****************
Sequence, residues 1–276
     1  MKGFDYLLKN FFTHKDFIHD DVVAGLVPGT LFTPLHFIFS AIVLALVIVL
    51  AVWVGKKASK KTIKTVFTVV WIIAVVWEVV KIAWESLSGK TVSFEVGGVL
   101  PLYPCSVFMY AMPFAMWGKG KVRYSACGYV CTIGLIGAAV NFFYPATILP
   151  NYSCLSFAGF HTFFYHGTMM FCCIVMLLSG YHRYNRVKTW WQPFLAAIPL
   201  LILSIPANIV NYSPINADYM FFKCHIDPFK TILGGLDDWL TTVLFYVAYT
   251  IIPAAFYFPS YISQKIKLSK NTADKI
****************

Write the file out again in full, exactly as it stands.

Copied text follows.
Sequence, residues 1–276
     1  MKGFDYLLKN FFTHKDFIHD DVVAGLVPGT LFTPLHFIFS AIVLALVIVL
    51  AVWVGKKASK KTIKTVFTVV WIIAVVWEVV KIAWESLSGK TVSFEVGGVL
   101  PLYPCSVFMY AMPFAMWGKG KVRYSACGYV CTIGLIGAAV NFFYPATILP
   151  NYSCLSFAGF HTFFYHGTMM FCCIVMLLSG YHRYNRVKTW WQPFLAAIPL
   201  LILSIPANIV NYSPINADYM FFKCHIDPFK TILGGLDDWL TTVLFYVAYT
   251  IIPAAFYFPS YISQKIKLSK NTADKI